SBOS470A December   2019  – June 2021 INA293

PRODUCTION DATA  

  1. Features
  2. Applications
  3. Description
  4. Revision History
  5. Pin Configuration and Functions
  6. Specifications
    1. 6.1 Absolute Maximum Ratings
    2. 6.2 ESD Ratings
    3. 6.3 Recommended Operating Conditions
    4. 6.4 Thermal Information
    5. 6.5 Electrical Characteristics
    6. 6.6 Typical Characteristics
  7. Detailed Description
    1. 7.1 Overview
    2. 7.2 Functional Block Diagram
    3. 7.3 Feature Description
      1. 7.3.1 Amplifier Input Common-Mode Signal
        1. 7.3.1.1 Input-Signal Bandwidth
        2. 7.3.1.2 Low Input Bias Current
        3. 7.3.1.3 Low VSENSE Operation
        4. 7.3.1.4 Wide Fixed Gain Output
        5. 7.3.1.5 Wide Supply Range
    4. 7.4 Device Functional Modes
      1. 7.4.1 Unidirectional Operation
      2. 7.4.2 High Signal Throughput
  8. Application and Implementation
    1. 8.1 Application Information
      1. 8.1.1 RSENSE and Device Gain Selection
      2. 8.1.2 Input Filtering
    2. 8.2 Typical Application
      1. 8.2.1 Design Requirements
      2. 8.2.2 Detailed Design Procedure
        1. 8.2.2.1 Overload Recovery With Negative VSENSE
      3. 8.2.3 Application Curve
  9. Power Supply Recommendations
  10. 10Layout
    1. 10.1 Layout Guidelines
    2. 10.2 Layout Example
  11. 11Device and Documentation Support
    1. 11.1 Documentation Support
      1. 11.1.1 Related Documentation
    2. 11.2 Receiving Notification of Documentation Updates
    3. 11.3 Support Resources
    4. 11.4 Trademarks
    5. 11.5 Electrostatic Discharge Caution
    6. 11.6 Glossary
  12. 12Mechanical, Packaging, and Orderable Information

Package Options

Mechanical Data (Package|Pins)
Thermal pad, mechanical data (Package|Pins)
Orderable Information

RSENSE and Device Gain Selection

The accuracy of any current-sense amplifier is maximized by choosing the current-sense resistor to be as large as possible. A large sense resistor maximizes the differential input signal for a given amount of current flow and reduces the error contribution of the offset voltage. However, there are practical limits as to how large the current-sense resistor can be in a given application because of the resistor size and maximum allowable power dissipation. Equation 1 gives the maximum value for the current-sense resistor for a given power dissipation budget:

Equation 1. GUID-D22B6BBC-6DF1-468C-A29D-92424755A1B3-low.gif

where:

  • PDMAX is the maximum allowable power dissipation in RSENSE.
  • IMAX is the maximum current that will flow through RSENSE.

An additional limitation on the size of the current-sense resistor and device gain is due to the power-supply voltage, VS, and device swing-to-rail limitations. To make sure that the current-sense signal is properly passed to the output, both positive and negative output swing limitations must be examined. Equation 2 provides the maximum values of RSENSE and GAIN to keep the device from exceeding the positive swing limitation.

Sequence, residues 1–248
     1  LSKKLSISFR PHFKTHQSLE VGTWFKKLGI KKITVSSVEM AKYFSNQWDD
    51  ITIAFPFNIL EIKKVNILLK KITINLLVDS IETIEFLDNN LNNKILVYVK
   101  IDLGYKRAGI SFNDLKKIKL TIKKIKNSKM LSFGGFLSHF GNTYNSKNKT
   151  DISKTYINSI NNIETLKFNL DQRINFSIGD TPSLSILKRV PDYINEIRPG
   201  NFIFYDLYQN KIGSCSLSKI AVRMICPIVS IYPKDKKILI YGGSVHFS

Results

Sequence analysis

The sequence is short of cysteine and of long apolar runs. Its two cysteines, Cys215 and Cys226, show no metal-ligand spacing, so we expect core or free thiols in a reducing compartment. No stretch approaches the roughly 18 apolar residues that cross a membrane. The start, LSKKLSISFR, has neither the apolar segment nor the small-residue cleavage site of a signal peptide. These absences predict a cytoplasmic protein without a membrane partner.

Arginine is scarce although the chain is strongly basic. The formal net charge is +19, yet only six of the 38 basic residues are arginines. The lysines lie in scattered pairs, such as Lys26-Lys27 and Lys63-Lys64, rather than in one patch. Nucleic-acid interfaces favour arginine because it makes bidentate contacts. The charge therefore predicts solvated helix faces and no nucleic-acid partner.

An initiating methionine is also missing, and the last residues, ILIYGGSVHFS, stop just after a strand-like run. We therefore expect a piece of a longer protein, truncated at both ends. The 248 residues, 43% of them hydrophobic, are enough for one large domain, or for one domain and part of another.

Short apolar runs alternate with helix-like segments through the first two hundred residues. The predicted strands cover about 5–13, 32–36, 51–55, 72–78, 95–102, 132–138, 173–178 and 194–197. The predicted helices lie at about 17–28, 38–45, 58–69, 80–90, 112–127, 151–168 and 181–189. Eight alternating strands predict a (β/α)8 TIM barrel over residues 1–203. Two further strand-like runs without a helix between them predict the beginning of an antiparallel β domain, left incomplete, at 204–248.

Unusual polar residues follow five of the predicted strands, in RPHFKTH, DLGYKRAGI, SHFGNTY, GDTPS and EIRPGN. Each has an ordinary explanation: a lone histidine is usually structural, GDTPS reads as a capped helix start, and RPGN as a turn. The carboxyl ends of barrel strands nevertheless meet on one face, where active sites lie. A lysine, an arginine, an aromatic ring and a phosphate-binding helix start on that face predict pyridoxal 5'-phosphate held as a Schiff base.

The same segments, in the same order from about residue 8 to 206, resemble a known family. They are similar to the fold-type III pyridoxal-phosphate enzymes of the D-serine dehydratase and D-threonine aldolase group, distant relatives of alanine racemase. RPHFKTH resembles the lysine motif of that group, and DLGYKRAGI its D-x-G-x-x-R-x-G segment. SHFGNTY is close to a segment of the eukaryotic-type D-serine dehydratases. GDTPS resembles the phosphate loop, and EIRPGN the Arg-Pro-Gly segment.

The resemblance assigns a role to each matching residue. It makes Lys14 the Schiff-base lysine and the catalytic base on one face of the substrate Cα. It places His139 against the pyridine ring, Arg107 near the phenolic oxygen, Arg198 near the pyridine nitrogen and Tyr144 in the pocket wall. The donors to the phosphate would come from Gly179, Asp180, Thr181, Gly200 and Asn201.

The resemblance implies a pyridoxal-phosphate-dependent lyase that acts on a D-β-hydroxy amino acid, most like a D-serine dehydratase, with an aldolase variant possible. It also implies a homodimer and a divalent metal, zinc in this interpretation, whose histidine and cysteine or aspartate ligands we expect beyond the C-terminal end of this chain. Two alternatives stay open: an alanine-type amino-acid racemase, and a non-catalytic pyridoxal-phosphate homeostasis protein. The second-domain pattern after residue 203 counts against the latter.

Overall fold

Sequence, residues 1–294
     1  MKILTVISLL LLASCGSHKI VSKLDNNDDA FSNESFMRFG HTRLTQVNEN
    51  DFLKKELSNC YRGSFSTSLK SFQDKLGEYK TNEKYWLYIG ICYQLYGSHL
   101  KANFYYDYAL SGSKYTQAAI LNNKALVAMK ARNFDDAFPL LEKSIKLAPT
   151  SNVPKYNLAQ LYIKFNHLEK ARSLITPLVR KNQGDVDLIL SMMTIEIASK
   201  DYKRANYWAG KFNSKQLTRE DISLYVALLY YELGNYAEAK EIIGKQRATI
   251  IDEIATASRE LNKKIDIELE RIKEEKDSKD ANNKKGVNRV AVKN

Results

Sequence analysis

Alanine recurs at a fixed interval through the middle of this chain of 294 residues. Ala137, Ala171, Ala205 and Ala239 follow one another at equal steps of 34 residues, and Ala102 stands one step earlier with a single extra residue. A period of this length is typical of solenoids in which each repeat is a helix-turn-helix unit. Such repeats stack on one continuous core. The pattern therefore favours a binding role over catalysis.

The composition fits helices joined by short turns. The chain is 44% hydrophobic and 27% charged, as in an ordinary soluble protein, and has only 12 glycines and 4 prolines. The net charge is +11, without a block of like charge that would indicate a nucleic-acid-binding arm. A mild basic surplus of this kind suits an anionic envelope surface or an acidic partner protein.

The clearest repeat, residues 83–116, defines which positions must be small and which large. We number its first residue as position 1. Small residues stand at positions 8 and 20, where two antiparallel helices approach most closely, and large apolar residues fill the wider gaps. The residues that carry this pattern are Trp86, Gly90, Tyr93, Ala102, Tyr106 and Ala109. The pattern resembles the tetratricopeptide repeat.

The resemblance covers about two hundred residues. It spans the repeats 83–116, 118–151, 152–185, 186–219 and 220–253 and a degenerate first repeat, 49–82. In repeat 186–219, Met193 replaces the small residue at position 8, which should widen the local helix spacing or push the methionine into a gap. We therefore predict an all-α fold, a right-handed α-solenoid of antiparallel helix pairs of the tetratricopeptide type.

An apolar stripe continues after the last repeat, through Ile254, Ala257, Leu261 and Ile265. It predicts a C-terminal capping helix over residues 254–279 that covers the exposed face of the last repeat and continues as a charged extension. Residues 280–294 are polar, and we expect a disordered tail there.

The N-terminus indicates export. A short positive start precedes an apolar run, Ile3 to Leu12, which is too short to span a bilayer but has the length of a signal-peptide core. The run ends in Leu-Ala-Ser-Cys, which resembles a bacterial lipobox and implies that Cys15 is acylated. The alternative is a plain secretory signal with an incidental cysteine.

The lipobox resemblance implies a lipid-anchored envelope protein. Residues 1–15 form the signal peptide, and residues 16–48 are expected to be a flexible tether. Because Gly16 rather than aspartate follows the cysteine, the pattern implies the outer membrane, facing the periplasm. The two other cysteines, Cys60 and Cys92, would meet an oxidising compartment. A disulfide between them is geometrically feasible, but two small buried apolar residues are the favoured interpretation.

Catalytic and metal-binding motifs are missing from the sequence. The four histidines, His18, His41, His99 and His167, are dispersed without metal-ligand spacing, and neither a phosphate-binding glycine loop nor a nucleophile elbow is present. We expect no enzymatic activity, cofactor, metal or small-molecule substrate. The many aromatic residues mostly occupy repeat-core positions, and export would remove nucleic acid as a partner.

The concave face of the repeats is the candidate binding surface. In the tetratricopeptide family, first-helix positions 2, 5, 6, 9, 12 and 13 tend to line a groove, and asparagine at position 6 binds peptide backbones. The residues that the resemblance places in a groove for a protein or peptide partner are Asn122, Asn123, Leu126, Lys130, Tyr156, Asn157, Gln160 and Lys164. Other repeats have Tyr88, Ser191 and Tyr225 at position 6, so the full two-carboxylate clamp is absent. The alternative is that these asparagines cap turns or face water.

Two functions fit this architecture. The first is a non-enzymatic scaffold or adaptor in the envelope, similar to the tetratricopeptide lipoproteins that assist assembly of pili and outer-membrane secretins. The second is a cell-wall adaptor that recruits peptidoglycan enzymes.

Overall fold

Equation 2. GUID-481DE8B6-7634-486D-94D7-9FAB6BAA6C7A-low.gif

where:

  • IMAX is the maximum current that will flow through RSENSE.
  • GAIN is the gain of the current-sense amplifier.
  • VSP is the positive output swing as specified in the data sheet.

To avoid positive output swing limitations when selecting the value of RSENSE, there is always a trade-off between the value of the sense resistor and the gain of the device under consideration. If the sense resistor selected for the maximum power dissipation is too large, then it is possible to select a lower-gain device in order to avoid positive swing limitations.

The negative swing limitation places a limit on how small the sense resistor value can be for a given application. Equation 3 provides the limit on the minimum value of the sense resistor.

Equation 3. GUID-B96769C5-71F0-4A94-8E7C-F00500978F8A-low.gif

where:

  • IMIN is the minimum current that will flow through RSENSE.
  • GAIN is the gain of the current-sense amplifier.
  • VSN is the negative output swing of the device.

Table 8-1 shows an example of the different results obtained from using five different gain versions of the INA293. From the table data, the highest gain device allows a smaller current-shunt resistor and decreased power dissipation in the element.

Table 8-1 RSENSE Selection and Power Dissipation(1)
PARAMETEREQUATIONRESULTS AT VS = 5 V
A1, B1 DEVICESA2, B2 DEVICESA3, B3 DEVICESA4, B4 DEVICESA5, B5 DEVICES
GGain20 V/V50 V/V100 V/V200 V/V500 V/V
VDIFFIdeal differential input voltageVDIFF = VOUT / G250 mV100 mV50 mV25 mV10 mV
RSENSECurrent sense resistor valueRSENSE = VDIFF / IMAX25 mΩ10 mΩ5 mΩ2.5 mΩ1 mΩ
PSENSECurrent-sense resistor power dissipationRSENSE × IMAX22.5 W1 W0.5W0.25 W0.1 W
Design example with 10-A full-scale current with maximum output voltage set to 5 V.